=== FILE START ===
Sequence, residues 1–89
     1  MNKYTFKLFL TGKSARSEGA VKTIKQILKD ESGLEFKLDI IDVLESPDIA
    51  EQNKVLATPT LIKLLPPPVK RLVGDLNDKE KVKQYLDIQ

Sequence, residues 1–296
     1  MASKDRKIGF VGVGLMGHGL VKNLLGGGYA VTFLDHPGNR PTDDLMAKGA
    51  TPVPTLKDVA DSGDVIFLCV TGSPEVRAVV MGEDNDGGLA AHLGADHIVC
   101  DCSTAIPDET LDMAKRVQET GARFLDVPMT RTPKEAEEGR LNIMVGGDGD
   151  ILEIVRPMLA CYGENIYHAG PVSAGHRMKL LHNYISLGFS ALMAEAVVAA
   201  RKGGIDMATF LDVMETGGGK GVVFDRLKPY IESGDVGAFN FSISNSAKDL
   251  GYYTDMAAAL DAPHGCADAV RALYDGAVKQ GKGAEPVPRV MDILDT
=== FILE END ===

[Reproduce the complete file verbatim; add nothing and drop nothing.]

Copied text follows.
Sequence, residues 1–89
     1  MNKYTFKLFL TGKSARSEGA VKTIKQILKD ESGLEFKLDI IDVLESPDIA
    51  EQNKVLATPT LIKLLPPPVK RLVGDLNDKE KVKQYLDIQ

Sequence, residues 1–296
     1  MASKDRKIGF VGVGLMGHGL VKNLLGGGYA VTFLDHPGNR PTDDLMAKGA
    51  TPVPTLKDVA DSGDVIFLCV TGSPEVRAVV MGEDNDGGLA AHLGADHIVC
   101  DCSTAIPDET LDMAKRVQET GARFLDVPMT RTPKEAEEGR LNIMVGGDGD
   151  ILEIVRPMLA CYGENIYHAG PVSAGHRMKL LHNYISLGFS ALMAEAVVAA
   201  RKGGIDMATF LDVMETGGGK GVVFDRLKPY IESGDVGAFN FSISNSAKDL
   251  GYYTDMAAAL DAPHGCADAV RALYDGAVKQ GKGAEPVPRV MDILDT